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The Cold War and Ray Bardbury's Fahrenheit 451 - Essay Example

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A Review of Fahrenheit 451 by Ray Bradbury Author’s Name Date The book Fahrenheit 451 is regarded as one of Ray Bradbury’s masterpieces1. The dystopian novel is set in a large futuristic American city that has suffered heavily from dictatorship and suppression of the mind through censorship…
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The Cold War and Ray Bardburys Fahrenheit 451
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"The Cold War and Ray Bardbury's Fahrenheit 451"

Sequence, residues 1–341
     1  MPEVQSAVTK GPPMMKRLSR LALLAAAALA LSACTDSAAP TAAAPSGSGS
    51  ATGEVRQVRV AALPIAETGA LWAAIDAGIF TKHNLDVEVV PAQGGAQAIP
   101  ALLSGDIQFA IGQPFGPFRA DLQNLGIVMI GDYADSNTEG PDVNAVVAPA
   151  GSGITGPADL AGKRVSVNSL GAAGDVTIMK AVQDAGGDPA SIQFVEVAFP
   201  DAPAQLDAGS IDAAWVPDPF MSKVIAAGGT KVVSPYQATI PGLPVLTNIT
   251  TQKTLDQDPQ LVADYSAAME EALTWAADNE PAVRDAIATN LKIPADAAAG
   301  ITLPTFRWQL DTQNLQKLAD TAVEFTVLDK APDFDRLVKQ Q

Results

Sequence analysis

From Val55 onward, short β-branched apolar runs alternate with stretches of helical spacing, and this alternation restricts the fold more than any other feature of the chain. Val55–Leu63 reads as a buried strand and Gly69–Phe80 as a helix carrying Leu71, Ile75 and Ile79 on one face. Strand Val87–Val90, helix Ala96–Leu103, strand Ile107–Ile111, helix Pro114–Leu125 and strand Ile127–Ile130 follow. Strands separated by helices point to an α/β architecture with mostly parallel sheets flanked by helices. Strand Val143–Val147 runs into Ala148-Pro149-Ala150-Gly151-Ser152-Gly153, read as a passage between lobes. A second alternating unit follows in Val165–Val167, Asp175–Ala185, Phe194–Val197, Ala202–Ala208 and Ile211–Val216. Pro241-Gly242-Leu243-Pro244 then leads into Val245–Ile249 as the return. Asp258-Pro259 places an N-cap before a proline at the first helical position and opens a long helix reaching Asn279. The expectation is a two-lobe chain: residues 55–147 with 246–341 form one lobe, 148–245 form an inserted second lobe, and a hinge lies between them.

Download file to see previous pages The story is narrated by a third party with access to Montag’s thoughts and feelings; through this, the reader can easily relate to Montag’s transformation and the sentiments that drive his character. Montag has become a staunch book burner but this is not his own conviction and within no time, he must rediscover himself. The book explores the central theme of censorship and its impact on the individual as well as the community as a whole. The Cold War was an era of great tension and suspicion between democracy and communism. There were deep-rooted ideological, economic and political differences between the United States and its allies on one hand and the Soviet Union and its allies on the other. This was the time immediately before the start of the Second World War. In the novel, books have been banned in society and those that are found are burned along with the homes in which they are found. It is worth noting that the destruction of books began as self-censorship. Beatty explains to Montag how people lost a desire in books and instead opted for instant gratification in the form of television and fast cars. By illustrating censorship as a phenomenon that emerges from culture itself, the author expresses a concern that the evolution of the media is as good as a totalitarian regime in the suppression of free speech. Bradbury Ray. “Fahrenheit 451.” (New York, NY: Random House Print. 1996.) As highlighted in the book, the degree of mimetic dependence on historical experience creates a picture of the American context in the years following the end of the Second World War and the beginning of the cold war. It represents the widespread influence of the Soviet communism in eastern countries in Europe and the overreaction of America to it. This can be summed up as the fear of communism in American circles and the subsequent atmosphere of deeply rooted suspicion and political persecution in the form of witch hunt. The period represented in Fahrenheit 451illustrates the overarching response to this pervasive paranoia in American society. This prompts the need to apply censorship in a bid to foster n all-pervasive environment of conformism and apathy.2 Given the suppression of individual thought, Fahrenheit 451 addresses the conflict between individuality and conformity. The characters’ lives revolve around pleasure-seeking and distraction. This culture does not seem to accommodate a broad range of self-expression. In fact, hedonism is the norm, coupled with mindless entertainment. When people try to question this kind of life, they are considered as threats to society. Clarisse, the young seventeen-year old girl and Montag’s friend, symbolizes expression of free thought and individuality. Once when going home from the fire station, Montag meets Clarisse who questions the nature and motivation of his job. At one point she asks him, “Have you ever read the books you burn?”1 Her questions and opinions on life are disturbing and confusing to Montag. According to him, reading books is against the law. Bradbury Ray. “Fahrenheit 451.” (New York, NY: Random House Print. 1996.) 2 Tindal George B. and David Shi. “American.” W.W. Norton and Company, New York and London: 1997. This implies that Montage is doing this because the law demands so; Montag has to conform to this order, his own feelings and convictions ...Download file to see next pagesRead More
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